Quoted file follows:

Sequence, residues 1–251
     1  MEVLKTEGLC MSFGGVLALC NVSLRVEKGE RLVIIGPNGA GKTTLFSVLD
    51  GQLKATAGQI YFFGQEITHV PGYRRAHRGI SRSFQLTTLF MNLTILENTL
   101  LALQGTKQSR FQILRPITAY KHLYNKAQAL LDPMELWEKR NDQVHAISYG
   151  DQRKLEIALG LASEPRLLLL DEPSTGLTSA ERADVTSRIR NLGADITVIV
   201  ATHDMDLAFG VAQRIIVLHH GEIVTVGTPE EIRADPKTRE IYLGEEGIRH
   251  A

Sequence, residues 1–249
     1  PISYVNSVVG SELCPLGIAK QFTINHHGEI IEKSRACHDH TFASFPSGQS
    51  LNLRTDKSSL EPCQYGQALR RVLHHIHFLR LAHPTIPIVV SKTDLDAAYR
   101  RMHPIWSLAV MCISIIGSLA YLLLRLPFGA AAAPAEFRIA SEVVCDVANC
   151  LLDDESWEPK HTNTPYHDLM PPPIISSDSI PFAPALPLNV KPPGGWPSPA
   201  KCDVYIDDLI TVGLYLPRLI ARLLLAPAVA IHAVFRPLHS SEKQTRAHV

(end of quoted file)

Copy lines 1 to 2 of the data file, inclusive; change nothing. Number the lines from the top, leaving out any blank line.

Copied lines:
Sequence, residues 1–251
     1  MEVLKTEGLC MSFGGVLALC NVSLRVEKGE RLVIIGPNGA GKTTLFSVLD